There is no shortage of opportunism of every stripe. For example, in the Endlovini occupation, the ANC councillor for the area, Anele Gabuza, observed: “At first it was desperate people who stayed there, people who really didn’t have houses, but now that is not the case. People are just taking advantage. It is the same people who cause violence as they end up being homeless as their shacks are dismantled. We are asking where they were staying before?”
This is an important question. According to a survey undertaken in the Marikana case, many of the land invaders had come from backyard dwellings, and were tired of paying rent. Occupying land is a way of avoiding payment for housing or services, which are increasingly being regarded as “free rights” that government has a duty to provide. This judgment will reinforce this perception.
Then there are the self-styled “chiefs” who sell plots on invaded land. In one case, the first structure to be erected on the site was an “office” with a sign on the door, where “land deals” could be negotiated and concluded.
The combination of all these factors raises the question of whether and how it will be possible, in future, to maintain a fair and legal allocation of sites and housing opportunities, particularly now that a court has effectively condoned queue-jumping through violent land occupations, replete with rock-throwing and petrol bombs (as happened at Marikana).
There are other major concerns arising from the judgment, such as the failure to distinguish between the legally defined roles (both in policing and housing delivery) of different spheres of government. This confusion must be clarified, possibly through an appeal process.
A sphere of government cannot be held accountable for failing to exercise a power it does not legally have. A clear example is policing: the provincial government has an oversight role only, without any operational control over the SAPS. Yet the judgment holds the provincial Minister of Community Safety, Dan Plato, responsible for the police’s failure to protect the landowners’ property rights.
Many people have asked me why government cannot “get ahead” of the urbanisation wave, at least as far as the provision of serviced sites is concerned. I sympathise with this question.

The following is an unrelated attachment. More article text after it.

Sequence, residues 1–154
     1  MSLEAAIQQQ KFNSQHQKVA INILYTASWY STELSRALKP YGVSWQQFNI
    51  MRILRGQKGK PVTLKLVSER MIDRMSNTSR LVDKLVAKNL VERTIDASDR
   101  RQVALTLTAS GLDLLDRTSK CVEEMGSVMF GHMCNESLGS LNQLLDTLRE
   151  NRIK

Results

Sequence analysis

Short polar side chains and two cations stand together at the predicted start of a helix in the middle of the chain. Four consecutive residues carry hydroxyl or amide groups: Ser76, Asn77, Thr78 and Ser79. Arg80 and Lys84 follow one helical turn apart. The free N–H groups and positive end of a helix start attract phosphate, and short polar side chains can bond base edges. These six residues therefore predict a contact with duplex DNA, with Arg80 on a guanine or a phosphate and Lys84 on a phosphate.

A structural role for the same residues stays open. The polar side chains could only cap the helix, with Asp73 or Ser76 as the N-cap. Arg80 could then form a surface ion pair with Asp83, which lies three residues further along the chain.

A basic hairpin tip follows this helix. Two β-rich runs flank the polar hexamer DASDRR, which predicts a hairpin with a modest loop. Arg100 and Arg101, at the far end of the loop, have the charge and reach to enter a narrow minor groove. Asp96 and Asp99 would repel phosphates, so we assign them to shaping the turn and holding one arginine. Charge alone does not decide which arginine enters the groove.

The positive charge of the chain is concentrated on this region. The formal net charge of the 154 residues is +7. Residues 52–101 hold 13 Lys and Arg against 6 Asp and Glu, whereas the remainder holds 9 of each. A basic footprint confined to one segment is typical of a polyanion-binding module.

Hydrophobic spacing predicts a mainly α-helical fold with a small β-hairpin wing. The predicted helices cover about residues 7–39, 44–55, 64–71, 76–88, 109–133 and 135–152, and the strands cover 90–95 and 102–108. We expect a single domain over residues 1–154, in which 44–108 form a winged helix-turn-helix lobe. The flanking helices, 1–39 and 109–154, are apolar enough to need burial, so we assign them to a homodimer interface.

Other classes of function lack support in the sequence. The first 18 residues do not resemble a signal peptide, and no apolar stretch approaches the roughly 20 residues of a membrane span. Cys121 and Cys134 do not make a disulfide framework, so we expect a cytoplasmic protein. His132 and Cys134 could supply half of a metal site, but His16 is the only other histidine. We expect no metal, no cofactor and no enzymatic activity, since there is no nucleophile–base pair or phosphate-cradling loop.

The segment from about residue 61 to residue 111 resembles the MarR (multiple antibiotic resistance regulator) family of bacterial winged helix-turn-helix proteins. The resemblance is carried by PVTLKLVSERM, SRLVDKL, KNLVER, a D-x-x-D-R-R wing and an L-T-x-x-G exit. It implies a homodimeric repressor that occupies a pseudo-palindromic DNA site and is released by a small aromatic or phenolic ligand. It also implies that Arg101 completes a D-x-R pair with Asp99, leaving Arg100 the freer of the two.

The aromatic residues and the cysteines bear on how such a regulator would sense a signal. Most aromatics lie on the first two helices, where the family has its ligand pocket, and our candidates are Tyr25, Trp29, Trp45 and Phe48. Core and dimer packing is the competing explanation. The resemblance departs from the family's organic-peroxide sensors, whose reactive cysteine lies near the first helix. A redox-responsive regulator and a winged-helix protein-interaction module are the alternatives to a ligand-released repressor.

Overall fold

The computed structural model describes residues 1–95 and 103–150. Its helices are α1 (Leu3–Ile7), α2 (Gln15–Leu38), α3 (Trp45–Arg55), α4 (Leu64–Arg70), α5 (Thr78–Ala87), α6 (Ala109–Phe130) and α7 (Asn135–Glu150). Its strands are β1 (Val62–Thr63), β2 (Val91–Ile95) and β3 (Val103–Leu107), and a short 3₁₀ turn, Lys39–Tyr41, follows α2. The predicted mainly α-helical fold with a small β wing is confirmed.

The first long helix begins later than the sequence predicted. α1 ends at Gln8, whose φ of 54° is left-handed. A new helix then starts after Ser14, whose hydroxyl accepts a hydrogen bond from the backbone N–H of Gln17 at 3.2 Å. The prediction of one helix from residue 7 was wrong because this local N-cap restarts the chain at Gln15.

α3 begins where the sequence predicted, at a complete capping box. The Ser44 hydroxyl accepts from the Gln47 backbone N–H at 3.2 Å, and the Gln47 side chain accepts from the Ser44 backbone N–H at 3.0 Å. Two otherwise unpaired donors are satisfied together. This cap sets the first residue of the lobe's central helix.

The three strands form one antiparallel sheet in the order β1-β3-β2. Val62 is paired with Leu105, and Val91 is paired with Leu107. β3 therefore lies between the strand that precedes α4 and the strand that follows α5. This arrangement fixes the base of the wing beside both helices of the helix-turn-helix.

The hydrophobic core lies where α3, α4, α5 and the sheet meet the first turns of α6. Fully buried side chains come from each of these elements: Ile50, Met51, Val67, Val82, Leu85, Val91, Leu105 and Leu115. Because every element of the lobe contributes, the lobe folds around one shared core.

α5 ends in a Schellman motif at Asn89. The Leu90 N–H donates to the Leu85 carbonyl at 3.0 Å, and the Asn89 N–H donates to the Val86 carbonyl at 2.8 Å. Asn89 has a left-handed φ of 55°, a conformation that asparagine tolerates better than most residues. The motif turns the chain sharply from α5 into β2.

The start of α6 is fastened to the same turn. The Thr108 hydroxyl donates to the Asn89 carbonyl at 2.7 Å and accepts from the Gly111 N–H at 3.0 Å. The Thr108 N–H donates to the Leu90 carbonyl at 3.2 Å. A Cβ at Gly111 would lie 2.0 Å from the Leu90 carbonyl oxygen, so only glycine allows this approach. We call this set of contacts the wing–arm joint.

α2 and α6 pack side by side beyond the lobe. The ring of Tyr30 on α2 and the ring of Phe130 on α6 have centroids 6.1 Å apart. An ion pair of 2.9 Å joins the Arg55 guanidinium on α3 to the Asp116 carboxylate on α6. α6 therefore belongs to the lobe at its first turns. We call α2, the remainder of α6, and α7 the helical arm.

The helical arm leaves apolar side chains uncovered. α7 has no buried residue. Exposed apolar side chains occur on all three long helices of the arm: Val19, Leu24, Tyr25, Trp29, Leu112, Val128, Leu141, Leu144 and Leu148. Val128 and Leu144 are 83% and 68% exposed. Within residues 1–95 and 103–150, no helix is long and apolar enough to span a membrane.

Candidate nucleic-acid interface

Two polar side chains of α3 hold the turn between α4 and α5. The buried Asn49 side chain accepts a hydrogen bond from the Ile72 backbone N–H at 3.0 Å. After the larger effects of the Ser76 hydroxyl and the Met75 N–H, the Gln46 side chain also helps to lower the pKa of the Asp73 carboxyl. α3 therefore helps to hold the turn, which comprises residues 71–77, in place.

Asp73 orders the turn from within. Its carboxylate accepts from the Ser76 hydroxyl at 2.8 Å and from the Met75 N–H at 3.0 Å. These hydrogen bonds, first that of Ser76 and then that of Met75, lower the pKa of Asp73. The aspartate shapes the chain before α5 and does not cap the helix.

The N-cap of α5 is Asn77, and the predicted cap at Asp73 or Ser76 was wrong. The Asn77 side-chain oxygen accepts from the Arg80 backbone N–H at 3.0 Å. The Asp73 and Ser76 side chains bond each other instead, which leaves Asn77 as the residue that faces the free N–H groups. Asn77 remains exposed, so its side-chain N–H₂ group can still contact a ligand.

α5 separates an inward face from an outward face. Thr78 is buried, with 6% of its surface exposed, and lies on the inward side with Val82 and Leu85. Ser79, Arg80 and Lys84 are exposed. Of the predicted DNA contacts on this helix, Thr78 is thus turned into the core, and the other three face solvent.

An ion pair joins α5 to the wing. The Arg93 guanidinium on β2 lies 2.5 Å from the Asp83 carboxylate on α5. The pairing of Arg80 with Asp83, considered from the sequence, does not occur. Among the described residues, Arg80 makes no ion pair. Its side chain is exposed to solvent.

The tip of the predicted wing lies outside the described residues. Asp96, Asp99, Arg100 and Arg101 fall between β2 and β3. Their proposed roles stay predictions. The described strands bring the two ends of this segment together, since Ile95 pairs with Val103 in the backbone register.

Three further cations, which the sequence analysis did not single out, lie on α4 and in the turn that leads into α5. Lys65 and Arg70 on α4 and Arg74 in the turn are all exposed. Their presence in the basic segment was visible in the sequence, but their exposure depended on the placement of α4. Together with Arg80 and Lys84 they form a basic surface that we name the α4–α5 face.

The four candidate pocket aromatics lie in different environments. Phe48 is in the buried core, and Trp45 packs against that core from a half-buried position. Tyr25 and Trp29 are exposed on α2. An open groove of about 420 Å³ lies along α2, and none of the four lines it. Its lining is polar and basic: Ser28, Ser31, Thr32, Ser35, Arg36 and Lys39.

The answer is multifaceted, but a part of it lies in the inordinate complexity of the regulatory process governing the release and servicing of land. Years of work (including impact assessments, rezoning, public participation, planning etc) must precede even the first sod-turning – by which time the property may already be invaded, with all the attendant problems and conflicts that result.
“Human settlements” (as the housing portfolio is now known) is arguably the most complex policy arena in government, fraught with trade-offs and contradictions and overlapping government mandates.
While everyone agrees that government has a role to play in making housing opportunities more accessible and affordable for indigent and low-income people, it is very difficult to define precisely what that role should be, and what is fiscally sustainable.
It is judgments like this that force the difficult questions onto the table, and make government apply its mind to the trade-offs required. Local government, in particular, is on the line, where the policy of providing free basic services is becoming unsustainable, given a stagnant rates base and escalating demand.
And as we try to make services accessible and affordable, higher densities across the city become inevitable and essential. A successful densification policy requires a culture of payment for housing and services, which has slowly been eroded over the past few decades.
Of all the challenges that lie ahead, the culture of non-payment is one of the greatest, and one that the government is least capable of resolving. The Marikana judgment will make it more difficult to solve, but impossible to ignore. DM